Publishing: Ins, Outs, and Observations

Publishing, Published, Positive Reviews, Middling Reviews, Bad Reviews, Teasing, Blurb, Query letter, Elevator pitch, teasers, pitmad, rejection, Easter eggs, Starting, Digital Publishing Game, pocket conflicts, Manuscript Wish List, Reading, Submission Guidelines,

Is Publishing Every Writer’s Ultimate Destination?

I think we’re all very conditioned to believe that publishing our work is the be-all end-all. But the truth is, that is not always going to be the case.

There are plenty of people who are perfectly content to just write and then stick their stuff in a drawer. It’s overly personal, perhaps. Or maybe they need to do more work on it.

I hear ya, folks.

But then, there are these people.

Perfect is the Enemy of Good and the Good Enough

I imagine a lot of the writing community is neurotic, or at least I guess I hang out with them the most.

Guilty as charged.

But here is where it gets awfully tricky.

These are not people who are avoiding publishing because they need to do work on their stuff. Nope.

No, these are people who are staying far away from publishing because they have been editing for years. They feel their stuff is no good, and may entertain occasional (or even frequent) thoughts of just trashing everything.

And so they polish. And polish. Then they polish their works some more.

You Can Stop Now

Or, as James Cromwell said in the movie Babe, “That’ll do.”


It wasn’t until 2022 that I first met someone who had been editing their work for a good decade or more. This is not a series of books or even more than one book.

It is editing for just one book.

That blew my mind. And now, even months later, guess what? It still blows my mind.

But here’s a dirty little secret, folks.

Publishing Companies Brought This Upon Themselves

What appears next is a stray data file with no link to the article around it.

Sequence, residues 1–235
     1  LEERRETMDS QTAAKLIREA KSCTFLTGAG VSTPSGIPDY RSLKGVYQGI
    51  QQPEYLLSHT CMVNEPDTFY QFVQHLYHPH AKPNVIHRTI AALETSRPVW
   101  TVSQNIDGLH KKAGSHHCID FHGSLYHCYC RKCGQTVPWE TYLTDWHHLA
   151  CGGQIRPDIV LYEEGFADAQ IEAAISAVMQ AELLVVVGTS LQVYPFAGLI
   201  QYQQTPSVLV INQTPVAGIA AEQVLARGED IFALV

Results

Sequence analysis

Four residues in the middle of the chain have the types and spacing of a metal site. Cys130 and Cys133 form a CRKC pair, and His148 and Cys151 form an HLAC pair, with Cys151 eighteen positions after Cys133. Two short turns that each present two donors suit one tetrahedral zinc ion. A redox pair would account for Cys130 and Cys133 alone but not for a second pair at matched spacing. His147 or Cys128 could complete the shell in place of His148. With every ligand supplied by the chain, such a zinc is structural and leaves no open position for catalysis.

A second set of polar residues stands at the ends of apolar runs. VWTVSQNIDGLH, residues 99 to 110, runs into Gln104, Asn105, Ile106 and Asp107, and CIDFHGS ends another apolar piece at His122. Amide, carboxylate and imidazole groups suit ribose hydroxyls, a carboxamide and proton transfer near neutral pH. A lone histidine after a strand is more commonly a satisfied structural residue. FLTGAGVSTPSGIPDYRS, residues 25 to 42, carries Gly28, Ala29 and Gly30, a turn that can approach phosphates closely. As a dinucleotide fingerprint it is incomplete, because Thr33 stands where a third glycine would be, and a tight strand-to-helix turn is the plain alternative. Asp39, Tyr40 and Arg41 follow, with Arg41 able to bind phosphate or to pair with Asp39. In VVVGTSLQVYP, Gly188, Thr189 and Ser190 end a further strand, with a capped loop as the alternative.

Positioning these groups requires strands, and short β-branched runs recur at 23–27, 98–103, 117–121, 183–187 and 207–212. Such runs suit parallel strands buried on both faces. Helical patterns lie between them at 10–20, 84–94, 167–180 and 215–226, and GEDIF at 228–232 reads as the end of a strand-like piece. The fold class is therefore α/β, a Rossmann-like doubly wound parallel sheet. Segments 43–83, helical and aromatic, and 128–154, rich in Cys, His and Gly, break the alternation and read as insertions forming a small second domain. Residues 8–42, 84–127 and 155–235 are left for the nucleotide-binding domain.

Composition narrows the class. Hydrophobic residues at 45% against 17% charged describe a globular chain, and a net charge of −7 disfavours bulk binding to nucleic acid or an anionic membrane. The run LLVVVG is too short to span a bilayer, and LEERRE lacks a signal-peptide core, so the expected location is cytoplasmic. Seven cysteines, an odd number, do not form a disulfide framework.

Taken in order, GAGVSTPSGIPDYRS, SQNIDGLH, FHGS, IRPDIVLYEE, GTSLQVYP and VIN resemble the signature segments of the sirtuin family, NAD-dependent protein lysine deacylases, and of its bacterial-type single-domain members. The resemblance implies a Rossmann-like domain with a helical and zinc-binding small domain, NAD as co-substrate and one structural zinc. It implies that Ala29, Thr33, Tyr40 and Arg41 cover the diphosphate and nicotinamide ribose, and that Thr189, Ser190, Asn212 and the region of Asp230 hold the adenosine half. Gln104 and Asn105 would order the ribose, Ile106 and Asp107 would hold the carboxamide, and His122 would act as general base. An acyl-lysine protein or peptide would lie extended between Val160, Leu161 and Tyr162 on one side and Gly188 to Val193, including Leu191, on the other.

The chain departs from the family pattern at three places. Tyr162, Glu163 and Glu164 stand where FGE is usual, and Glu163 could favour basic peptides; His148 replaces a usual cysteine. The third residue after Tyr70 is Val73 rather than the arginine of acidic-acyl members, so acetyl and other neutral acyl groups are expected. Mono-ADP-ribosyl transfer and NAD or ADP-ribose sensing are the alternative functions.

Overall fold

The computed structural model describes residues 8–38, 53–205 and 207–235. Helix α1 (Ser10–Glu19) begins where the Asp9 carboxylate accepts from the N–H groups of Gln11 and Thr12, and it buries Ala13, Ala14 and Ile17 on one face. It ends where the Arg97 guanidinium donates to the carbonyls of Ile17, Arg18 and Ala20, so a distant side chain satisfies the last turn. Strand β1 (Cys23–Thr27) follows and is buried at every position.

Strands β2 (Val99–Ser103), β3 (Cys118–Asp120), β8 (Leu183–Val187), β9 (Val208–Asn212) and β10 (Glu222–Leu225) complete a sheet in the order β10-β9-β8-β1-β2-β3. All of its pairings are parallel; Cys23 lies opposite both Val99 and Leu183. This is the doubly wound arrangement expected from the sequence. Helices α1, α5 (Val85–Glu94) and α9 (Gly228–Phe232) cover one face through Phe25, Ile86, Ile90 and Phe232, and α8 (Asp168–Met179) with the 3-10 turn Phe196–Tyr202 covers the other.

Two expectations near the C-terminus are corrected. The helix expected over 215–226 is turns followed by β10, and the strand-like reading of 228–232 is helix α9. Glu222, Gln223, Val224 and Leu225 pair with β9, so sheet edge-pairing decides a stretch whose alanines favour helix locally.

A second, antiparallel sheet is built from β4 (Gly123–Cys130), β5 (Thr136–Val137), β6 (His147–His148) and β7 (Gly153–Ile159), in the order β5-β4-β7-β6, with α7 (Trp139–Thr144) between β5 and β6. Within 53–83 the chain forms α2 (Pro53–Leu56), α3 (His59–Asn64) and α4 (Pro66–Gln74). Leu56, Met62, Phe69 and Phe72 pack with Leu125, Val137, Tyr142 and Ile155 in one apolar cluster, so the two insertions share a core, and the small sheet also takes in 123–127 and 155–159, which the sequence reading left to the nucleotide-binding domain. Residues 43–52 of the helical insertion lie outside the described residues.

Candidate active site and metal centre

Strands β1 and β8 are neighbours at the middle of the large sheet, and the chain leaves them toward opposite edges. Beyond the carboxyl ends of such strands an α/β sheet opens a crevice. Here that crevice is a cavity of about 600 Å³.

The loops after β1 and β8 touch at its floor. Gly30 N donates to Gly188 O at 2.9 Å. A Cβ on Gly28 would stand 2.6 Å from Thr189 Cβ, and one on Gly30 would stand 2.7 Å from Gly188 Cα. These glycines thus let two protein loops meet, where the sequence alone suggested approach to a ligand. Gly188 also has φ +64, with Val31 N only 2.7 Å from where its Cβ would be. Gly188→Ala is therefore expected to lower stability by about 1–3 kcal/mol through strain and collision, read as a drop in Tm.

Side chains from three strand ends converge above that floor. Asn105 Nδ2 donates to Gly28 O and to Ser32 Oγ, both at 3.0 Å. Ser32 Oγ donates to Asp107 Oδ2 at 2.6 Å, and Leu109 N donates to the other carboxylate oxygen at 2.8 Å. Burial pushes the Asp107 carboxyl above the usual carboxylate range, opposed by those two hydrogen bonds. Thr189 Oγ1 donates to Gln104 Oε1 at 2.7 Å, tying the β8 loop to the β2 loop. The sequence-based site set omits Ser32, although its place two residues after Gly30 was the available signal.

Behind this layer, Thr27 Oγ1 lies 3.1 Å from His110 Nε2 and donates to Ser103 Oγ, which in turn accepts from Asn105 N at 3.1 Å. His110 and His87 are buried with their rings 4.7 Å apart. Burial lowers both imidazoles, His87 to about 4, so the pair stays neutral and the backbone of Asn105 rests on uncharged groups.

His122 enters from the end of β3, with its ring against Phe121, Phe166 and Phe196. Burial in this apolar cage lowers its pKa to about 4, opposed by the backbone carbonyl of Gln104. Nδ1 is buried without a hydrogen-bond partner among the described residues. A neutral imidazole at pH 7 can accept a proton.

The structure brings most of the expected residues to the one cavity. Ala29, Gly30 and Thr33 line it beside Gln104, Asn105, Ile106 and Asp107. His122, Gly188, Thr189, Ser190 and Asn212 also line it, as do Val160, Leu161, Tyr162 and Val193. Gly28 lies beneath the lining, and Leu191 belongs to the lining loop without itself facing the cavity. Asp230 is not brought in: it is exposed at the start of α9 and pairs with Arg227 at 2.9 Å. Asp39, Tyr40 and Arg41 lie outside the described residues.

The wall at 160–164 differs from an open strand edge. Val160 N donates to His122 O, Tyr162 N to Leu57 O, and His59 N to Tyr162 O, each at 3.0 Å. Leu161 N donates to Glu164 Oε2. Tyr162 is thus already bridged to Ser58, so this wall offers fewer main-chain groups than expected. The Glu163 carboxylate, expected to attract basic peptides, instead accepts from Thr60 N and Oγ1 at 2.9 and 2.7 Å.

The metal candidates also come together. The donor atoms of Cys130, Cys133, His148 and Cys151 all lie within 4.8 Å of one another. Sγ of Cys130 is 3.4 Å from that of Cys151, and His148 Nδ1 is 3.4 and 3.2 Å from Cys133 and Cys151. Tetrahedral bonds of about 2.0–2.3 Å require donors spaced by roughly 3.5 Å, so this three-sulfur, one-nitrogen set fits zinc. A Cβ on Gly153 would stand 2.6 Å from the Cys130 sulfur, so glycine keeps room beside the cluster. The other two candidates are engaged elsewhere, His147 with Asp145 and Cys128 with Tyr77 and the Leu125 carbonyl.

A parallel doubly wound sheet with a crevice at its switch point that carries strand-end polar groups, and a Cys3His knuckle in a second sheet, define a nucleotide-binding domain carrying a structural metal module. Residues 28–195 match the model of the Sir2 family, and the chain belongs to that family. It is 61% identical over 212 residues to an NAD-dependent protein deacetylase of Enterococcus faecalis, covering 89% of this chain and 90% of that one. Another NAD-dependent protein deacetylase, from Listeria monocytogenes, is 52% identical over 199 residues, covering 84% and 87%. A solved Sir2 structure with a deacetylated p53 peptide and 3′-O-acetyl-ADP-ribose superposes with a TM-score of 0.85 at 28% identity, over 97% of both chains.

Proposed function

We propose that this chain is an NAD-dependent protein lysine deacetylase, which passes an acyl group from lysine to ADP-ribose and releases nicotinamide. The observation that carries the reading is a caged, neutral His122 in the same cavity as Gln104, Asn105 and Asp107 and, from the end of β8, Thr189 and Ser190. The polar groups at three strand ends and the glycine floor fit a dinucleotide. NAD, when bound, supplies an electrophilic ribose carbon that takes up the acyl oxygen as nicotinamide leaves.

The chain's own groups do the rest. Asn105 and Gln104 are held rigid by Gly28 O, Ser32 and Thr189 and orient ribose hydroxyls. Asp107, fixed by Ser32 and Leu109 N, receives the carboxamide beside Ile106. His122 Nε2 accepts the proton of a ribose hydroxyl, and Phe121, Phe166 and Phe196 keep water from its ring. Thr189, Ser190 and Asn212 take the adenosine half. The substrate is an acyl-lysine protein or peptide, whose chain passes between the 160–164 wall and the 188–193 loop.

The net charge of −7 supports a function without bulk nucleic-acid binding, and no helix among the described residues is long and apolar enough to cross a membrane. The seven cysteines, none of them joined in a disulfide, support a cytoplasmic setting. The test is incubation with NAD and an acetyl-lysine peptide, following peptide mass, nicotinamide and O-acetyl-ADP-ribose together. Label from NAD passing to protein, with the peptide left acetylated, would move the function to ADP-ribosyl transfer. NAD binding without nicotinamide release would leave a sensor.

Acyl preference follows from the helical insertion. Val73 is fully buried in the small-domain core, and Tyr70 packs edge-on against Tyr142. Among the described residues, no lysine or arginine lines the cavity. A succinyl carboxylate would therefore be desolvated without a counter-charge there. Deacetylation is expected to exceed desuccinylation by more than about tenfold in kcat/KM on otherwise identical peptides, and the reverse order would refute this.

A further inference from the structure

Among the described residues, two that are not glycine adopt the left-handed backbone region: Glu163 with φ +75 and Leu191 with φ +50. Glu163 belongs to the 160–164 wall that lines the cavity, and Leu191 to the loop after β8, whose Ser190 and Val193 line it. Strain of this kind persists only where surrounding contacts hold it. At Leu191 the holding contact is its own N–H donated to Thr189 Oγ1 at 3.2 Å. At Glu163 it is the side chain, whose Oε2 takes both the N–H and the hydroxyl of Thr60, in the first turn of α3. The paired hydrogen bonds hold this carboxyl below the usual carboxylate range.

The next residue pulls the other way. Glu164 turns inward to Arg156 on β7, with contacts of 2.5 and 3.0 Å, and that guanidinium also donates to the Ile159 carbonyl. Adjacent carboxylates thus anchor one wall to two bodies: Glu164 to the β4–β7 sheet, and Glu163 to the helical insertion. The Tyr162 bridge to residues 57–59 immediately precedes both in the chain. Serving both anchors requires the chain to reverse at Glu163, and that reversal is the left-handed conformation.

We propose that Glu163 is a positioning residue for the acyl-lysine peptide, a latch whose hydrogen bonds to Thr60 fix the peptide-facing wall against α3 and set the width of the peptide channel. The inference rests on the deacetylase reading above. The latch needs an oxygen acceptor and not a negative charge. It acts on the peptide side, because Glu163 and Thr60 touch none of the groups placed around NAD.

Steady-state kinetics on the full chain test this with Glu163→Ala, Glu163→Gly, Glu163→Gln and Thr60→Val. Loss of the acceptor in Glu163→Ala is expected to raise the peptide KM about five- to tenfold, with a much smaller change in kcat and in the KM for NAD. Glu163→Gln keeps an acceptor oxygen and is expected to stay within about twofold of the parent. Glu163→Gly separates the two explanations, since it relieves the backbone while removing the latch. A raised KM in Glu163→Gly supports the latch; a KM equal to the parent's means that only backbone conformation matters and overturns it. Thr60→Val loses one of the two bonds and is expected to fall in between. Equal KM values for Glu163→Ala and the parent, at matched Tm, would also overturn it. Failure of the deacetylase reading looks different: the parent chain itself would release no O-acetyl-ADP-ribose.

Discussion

Or, rather, I suppose you can say that publishers just did their thing. And then we, the writers, jacked it all up to infinity.

What the hell am I talking about?

I’m so glad you asked.

I Blame You, Bill Gates (Not Really)

In the mid-1980s, my brother published a book on charitable giving. Pantheon gave him a contract, an advance, and everything. They took care of the promotions. And when he was writing it, he had to go to libraries, and do legwork by visiting various charity offices as well. It took him months. The publisher did the editing, if I recall correctly.

Now let’s fast forward to 2013, when Untrustworthy was published by Riverdale Avenue Books.

I wrote it for NaNoWriMo in less than a month. No research was necessary as it is a wholly fictional piece. I hired an editor and paid her, although RAB did last minute editing which was probably more like proofreading. And I was responsible for nearly all the promoting. Which I’ll admit I could have done a lot better.

It does not help that a good 427,000 people participated in NaNo last year.

Does this mean that everyone has a book in them? Maybe. But there are a lot of people who really just have a terrible book in them.

The Onslaught of Written Material

For people in the publishing industry, it has got to be a lot like hacking away at an invasive plant like kudzu. They get tons of submissions. Some are great! Some are awful. Most are somewhere in between.

As a person who has had to field a lot of inquiries (and say no a lot of the time), I can guarantee you that they are using macros or other templates to answer most writers. And I can also guarantee that virtually every rejection is not personal.

But Publishing Needs a Way to Cope

Due to this continual tsunami of new material, publishers have got to be ruthless. And they have got to be fast. Hence a piece has really got to be perfect—but only from their perspective. If your novel is 100% A++ material, but it’s not in a genre that they publish, then they are going to turn you down.

In fact, they probably won’t get past your cover letter or, maybe, first few pages. Once they determine you’re not writing in a genre they put out, they’ll send a rejection notice and move onto the next thousand manuscripts.

PublishingThis makes writers even more neurotic. We’re all terrified of doing that one thing wrong. But the truth is, you could be doing everything beautifully, and still not get the golden ticket.

So, try not to let it get you down. I know, I know, that’s a lot easier said than done.

But you’ve still got to go forward.

My Publishing Advice and Journey

I harbor no illusions of this being perfect advice or fully up to date. It’s really just what I have gleaned from years around other writers.

But I think it’s still useful, and publishing advice in particular can work well for self-publishing.

Because that’s a whole other kettle of fish.